By Katie Grisbacher
Students cheered and laughed throughout a program entitled, “How to Build A Storm: The Weather Show,” presented by the Franklin Institute last week at all four Warwick Elementary Schools. The program was funded by a grant from the Warwick Education Foundation, another example of the innovative and exciting educational experiences funded by the WEF.
With props including a camp stove, a stunt bucket, and liquid nitrogen, Traveling Science Presenter Nathaniel Westover (Mr. Nate) demonstrated convection, evaporative cooling, condensation, precipitation, and air pressure to appreciative audiences.
“The Franklin Institute assembly was very fascinating, inspiring, and that’s the most things I learned new in a day so far,” said Catherine Olson, fourth grader at John Beck Elementary. “There are a couple of things I learned from the assembly. Number one, fire is awesome. Number two, liquid nitrogen is very, very, very cold: 350 degrees below.”
Mr. Nate laid down safety rules repeatedly throughout the presentation – “Please do not touch anything unless I give you permission, even if it lands in your lap, next to you, or on your neighbor’s hair” – and provided plenty of hands-on opportunities and visual excitement.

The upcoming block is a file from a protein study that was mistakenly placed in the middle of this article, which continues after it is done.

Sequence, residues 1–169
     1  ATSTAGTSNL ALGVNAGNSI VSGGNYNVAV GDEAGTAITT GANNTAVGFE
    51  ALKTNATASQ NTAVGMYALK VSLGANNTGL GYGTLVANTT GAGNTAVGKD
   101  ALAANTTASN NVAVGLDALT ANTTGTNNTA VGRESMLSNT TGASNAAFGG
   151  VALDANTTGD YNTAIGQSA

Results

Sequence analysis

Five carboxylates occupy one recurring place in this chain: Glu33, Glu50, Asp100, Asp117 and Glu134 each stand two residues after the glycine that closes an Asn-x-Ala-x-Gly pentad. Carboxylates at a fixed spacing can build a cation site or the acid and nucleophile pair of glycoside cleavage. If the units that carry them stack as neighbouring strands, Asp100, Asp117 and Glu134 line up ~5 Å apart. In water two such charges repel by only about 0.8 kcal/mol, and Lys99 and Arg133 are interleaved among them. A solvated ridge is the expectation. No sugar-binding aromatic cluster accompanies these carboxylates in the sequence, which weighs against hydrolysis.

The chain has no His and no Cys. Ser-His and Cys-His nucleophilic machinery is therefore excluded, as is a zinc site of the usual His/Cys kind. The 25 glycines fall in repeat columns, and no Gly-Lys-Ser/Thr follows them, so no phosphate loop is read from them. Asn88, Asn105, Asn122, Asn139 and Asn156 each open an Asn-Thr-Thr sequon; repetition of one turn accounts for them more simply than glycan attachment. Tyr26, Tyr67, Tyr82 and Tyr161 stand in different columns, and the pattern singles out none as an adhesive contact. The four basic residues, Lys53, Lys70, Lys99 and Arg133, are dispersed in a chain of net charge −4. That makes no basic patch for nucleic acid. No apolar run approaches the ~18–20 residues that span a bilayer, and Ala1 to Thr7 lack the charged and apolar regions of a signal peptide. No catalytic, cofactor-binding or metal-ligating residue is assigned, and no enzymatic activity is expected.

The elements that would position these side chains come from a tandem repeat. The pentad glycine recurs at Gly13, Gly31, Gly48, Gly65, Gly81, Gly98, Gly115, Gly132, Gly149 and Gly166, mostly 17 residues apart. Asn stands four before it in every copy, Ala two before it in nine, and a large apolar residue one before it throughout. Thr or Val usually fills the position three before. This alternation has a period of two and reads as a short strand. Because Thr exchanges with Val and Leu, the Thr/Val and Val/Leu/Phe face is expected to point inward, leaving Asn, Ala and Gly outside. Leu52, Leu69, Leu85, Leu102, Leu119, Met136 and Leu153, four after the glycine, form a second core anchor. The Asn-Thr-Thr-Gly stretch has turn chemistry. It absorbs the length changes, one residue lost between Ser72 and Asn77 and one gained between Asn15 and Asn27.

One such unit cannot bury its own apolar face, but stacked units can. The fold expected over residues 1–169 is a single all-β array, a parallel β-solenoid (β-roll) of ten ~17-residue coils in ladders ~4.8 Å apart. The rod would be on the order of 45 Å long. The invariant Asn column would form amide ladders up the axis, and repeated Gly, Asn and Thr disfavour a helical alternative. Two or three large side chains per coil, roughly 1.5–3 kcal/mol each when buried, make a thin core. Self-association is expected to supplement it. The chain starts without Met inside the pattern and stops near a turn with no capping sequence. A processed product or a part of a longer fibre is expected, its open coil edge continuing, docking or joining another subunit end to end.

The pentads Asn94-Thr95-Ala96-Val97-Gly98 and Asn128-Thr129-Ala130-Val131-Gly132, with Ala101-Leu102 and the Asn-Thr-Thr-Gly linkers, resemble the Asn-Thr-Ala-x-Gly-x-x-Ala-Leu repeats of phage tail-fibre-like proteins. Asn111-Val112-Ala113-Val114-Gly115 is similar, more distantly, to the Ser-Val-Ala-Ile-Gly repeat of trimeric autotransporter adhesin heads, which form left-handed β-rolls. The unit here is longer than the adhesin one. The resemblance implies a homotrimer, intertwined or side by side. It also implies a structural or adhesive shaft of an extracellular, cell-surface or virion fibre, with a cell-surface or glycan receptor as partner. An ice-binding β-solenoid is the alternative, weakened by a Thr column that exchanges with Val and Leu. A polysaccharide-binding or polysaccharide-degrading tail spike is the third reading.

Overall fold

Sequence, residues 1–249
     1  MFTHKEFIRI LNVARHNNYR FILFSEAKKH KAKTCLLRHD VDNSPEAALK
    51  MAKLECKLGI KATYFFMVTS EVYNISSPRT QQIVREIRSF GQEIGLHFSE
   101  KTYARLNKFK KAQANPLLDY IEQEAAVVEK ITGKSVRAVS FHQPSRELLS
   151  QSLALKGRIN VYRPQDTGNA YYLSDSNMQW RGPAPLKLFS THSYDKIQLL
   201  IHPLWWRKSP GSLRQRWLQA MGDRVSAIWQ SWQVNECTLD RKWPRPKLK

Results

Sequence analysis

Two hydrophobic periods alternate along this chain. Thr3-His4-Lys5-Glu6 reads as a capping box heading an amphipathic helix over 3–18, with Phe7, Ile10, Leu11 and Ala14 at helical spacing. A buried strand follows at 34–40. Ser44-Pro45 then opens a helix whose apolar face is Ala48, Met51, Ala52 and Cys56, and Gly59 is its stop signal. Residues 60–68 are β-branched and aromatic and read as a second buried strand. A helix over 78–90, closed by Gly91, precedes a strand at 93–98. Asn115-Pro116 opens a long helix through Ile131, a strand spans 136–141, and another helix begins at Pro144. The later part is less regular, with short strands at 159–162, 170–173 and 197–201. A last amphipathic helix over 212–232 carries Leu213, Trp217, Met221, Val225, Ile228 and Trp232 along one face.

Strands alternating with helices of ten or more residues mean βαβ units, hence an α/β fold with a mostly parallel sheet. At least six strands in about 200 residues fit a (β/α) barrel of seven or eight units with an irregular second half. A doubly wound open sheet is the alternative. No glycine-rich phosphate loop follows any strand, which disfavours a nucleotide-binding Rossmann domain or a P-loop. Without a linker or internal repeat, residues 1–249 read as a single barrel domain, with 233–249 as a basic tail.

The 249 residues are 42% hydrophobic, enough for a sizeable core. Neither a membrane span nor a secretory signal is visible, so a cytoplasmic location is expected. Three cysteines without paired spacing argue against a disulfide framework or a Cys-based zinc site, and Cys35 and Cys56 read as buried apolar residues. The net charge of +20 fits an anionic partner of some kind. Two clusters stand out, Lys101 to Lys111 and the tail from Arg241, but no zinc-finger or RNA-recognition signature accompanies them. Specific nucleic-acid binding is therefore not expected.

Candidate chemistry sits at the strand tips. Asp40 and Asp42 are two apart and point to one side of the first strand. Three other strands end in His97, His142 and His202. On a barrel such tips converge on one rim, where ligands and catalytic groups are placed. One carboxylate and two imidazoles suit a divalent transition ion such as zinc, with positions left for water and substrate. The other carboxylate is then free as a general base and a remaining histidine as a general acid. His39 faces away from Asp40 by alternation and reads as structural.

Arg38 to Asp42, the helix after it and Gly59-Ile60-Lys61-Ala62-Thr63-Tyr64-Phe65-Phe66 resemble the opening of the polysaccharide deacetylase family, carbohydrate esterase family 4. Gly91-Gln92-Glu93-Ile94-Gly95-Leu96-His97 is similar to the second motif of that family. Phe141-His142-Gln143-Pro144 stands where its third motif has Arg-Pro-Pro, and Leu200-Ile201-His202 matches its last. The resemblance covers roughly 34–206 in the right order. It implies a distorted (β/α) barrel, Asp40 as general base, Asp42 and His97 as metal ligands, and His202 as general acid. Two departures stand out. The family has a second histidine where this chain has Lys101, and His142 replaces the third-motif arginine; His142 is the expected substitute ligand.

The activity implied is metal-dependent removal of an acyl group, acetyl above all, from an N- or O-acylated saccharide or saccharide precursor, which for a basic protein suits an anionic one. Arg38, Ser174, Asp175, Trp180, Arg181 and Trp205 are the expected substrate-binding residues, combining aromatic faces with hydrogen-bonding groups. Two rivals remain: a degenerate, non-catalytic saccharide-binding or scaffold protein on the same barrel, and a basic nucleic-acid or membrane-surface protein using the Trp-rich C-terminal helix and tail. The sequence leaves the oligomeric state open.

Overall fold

To demonstrate convection, Mr. Nate brought out a giant silver mylar balloon he dubbed “Lady Gaga’s underpants.” Students roared with laughter as Mr. Nate placed the enormous silver balloon on his head. “You’ll see bald guys like me wearing these on the beach next year, to keep the sun off.”
Mr. Nate heated the air in the balloon using a little camp stove. On the count of three, the giant silver balloon rose to the rafters of the gym ceiling, then slowly floated down as it cooled.
Next came a demonstration of evaporative cooling. Mr. Nate laughed maniacally as he turned on a huge air blower and spritzed water all over six student volunteers with hair blowing everywhere. “Wind steals cold from your skin. On the weather report, they call that wind chill.”
Before showing condensation, Mr. Nate asked kids for a promise to stay “criss-cross applesauce” in their seats and for adults to clear a path. Then he poured water and liquid nitrogen into a bucket and ran around the room (maniacal laugh), with steam billowing behind him.
“My favorite parts were when he made a cloud,” said Olson. “I also liked it when he made a mini-tornado. I’d love to start studying tornados. They sound very fascinating. This has definitely sparked my interest in being a scientist.”
Katie Grisbacher is a freelance writer and editor living in Lititz. She welcomes your comments at email@example.com. For more information on the Warwick Education Foundation visit WarwickEF.org or contact Executive Director Barbara Mobley at info@WarwickEF.org.